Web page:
This unit described a number of different lifting mechanisms, but which one will work best on a given robot?
There are a few key considerations, discussed below, which designers should take into account when designing a lifting mechanism.
The first and most important consideration a designer needs to take into account is the elevation required. At what height does the robot pick up the object? At what height does the robot need to lift the object? Are there multiple heights the object will need to be scored at? What mechanism will accomplish these changes in elevation?
Another important consideration for a designer is the change of orientation the object will go through, if any. What orientation(s) will the objects be in when picked up? What orientation(s) will the object be in when scored? Are these orientations different at different elevations? Often, the lifting mechanism can be used to accomplish these orientation changes. Some lifting mechanisms will be better suited to an application than others due to required orientation changes. For instance, if the object needs to stay in the same orientation from when it is picked up until it is scored, a rotating joint may not be as good a choice as a linear elevator.
Starting Configuration & Other Size Limitations:
VEX Robotics Competition robots must start each match within a limited size, as described in the Game Rules released each year. This starting size may restrict which lifting mechanisms can be used. For instance, a single jointed arm which starts within an 18” x 18” x 18” box cannot reach up four feet – though a multiple jointed arm might be able to do it. There are often other size limitations involved in the creation of a competition robot. What if there is a bar on the field that the robot must drive under? In this situation a designer may choose to design so his or her robot’s lifting mechanism can fold down under the height of this bar. Size limitations play a large role in the design of lifting mechanisms, especially when combined with elevation requirements as discussed above. It is easy to make a robot reach up four feet; it is more difficult to make a robot start in an 18” cube and then reach up four feet.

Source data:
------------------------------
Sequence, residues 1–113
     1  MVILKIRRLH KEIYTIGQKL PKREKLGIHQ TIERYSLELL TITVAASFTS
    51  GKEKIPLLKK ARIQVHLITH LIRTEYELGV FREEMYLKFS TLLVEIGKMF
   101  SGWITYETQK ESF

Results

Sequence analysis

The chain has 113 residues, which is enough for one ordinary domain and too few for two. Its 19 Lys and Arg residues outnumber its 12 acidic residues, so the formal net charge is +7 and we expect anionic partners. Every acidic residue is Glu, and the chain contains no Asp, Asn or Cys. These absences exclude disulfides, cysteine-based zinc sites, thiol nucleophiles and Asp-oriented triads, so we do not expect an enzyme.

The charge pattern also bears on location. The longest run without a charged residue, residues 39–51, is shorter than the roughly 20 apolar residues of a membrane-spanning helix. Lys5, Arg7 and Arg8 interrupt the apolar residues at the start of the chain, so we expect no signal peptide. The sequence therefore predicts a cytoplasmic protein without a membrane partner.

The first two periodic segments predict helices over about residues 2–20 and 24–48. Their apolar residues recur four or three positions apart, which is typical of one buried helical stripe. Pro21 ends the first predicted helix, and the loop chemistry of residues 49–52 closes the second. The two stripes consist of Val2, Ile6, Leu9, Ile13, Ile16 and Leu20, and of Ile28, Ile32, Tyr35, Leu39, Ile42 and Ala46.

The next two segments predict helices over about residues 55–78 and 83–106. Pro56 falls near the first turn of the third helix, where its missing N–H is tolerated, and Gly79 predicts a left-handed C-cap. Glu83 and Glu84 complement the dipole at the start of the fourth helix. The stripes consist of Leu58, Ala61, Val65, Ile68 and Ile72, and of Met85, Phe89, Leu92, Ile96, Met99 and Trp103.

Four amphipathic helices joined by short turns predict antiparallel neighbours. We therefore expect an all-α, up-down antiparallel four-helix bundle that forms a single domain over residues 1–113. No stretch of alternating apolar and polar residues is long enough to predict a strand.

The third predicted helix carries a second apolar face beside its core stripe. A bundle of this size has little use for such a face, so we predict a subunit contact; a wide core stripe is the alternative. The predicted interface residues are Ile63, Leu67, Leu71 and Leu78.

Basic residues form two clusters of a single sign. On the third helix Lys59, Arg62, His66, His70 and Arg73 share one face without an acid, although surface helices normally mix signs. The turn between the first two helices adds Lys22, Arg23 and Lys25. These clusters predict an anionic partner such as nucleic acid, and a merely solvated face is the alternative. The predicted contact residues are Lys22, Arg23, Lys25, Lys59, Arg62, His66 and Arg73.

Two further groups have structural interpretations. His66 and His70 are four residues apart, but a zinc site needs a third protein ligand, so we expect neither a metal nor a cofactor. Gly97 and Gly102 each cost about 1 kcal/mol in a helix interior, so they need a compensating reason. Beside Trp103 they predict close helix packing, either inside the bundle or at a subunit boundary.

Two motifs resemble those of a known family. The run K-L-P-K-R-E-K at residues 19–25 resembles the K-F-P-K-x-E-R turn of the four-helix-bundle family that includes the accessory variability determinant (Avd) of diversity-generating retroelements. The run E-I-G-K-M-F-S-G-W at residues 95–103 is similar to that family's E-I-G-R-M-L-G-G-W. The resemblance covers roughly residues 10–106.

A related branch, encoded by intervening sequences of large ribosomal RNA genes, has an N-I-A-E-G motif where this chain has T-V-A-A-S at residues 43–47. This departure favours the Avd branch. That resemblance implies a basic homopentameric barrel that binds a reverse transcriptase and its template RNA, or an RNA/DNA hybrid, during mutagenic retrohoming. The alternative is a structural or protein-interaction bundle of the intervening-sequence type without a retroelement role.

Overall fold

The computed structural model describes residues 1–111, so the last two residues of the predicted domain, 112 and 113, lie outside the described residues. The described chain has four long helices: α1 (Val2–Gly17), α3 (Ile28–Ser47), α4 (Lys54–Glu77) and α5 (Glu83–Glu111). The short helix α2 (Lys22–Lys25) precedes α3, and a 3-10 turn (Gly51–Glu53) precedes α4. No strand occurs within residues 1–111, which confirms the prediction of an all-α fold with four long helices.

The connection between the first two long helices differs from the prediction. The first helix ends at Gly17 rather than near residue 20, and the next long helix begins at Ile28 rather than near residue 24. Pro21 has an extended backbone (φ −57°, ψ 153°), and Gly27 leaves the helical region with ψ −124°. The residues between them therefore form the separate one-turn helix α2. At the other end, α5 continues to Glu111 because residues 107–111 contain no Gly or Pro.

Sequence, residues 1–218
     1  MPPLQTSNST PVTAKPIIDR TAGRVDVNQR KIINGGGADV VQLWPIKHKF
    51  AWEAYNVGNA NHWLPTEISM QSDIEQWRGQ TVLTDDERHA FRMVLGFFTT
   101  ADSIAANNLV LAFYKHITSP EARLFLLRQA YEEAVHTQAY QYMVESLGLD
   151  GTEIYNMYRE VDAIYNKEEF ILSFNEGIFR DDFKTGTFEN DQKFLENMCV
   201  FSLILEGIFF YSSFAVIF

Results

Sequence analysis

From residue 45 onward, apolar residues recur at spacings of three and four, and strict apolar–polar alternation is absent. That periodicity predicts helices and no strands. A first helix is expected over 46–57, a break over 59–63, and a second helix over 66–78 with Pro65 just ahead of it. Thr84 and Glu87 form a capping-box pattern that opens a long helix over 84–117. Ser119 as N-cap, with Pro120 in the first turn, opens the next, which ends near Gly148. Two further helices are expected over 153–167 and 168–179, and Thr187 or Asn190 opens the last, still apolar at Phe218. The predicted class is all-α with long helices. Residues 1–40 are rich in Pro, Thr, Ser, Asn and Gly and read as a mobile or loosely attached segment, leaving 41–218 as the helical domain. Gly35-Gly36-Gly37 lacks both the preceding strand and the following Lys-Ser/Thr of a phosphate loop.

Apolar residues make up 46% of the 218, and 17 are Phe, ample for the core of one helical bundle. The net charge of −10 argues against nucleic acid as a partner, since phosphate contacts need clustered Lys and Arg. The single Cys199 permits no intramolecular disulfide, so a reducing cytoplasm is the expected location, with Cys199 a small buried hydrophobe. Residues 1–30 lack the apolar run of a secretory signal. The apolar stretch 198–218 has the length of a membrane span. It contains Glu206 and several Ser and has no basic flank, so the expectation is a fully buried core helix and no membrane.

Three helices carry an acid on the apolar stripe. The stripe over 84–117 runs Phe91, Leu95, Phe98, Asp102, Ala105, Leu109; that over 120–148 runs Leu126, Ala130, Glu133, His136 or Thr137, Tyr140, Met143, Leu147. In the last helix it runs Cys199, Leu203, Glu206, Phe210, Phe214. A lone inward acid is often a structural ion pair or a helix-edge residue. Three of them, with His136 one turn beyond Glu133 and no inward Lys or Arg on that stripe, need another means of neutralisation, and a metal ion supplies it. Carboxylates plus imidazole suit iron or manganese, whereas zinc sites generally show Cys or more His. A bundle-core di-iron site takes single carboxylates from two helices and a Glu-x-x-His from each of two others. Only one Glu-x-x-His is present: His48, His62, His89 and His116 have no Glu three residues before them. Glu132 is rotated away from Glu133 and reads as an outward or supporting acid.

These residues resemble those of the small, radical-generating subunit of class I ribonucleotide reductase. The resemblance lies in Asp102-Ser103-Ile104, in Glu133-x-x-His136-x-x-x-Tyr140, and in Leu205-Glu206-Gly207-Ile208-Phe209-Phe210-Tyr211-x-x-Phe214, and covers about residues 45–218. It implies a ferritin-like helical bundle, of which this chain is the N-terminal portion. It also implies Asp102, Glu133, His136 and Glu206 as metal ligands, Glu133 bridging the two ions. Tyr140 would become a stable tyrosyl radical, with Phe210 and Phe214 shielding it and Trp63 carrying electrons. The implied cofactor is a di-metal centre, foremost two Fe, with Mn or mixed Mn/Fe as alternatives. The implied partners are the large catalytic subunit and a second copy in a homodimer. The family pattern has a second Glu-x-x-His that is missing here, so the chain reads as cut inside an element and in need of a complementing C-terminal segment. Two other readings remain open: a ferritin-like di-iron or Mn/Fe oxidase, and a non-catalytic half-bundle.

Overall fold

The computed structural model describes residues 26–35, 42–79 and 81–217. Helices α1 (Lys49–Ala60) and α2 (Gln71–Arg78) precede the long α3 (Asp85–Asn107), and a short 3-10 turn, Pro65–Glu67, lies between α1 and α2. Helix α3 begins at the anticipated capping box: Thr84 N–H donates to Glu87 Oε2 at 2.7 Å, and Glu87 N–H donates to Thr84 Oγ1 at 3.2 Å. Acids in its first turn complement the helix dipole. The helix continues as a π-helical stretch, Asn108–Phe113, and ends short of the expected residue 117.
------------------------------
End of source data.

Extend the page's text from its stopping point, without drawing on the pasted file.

Some lifting mechanisms may take up more space than others. If the robot has a large hopper-style object manipulator, and it takes up almost all of the space in the robot’s starting configuration, the designer will need to find a lifting mechanism that will package into the space available. Some lifting mechanisms may “fit” better than others.
In some situations, multiple lifting mechanisms may all work. However, these mechanisms can vary greatly in complexity. It is usually a good idea to choose the simplest mechanism possible which accomplishes the design goals. Sometimes, it is even beneficial to make tradeoffs and reduce the design goals. For example, if a simple mechanism is “almost good enough” to achieve the design goals, and if fully accomplishing the goals would require a VERY complex mechanism, it is probably better to choose the simple mechanism. Simple mechanisms have fewer moving parts, are more robust, and are less likely to fail; in these ways, they are usually better.
Competition robots are limited in the number of motors and other actuators that they are allowed to use. Designers should be cognizant of how many motors are required for each lifting mechanism option. A 2-jointed arm requires two motors, one for each joint, whereas a single jointed arm only requires one motor. In this case, the designer could still use two motors (as described in Units 7 & 8) and the mechanism would be able to handle its load twice as fast!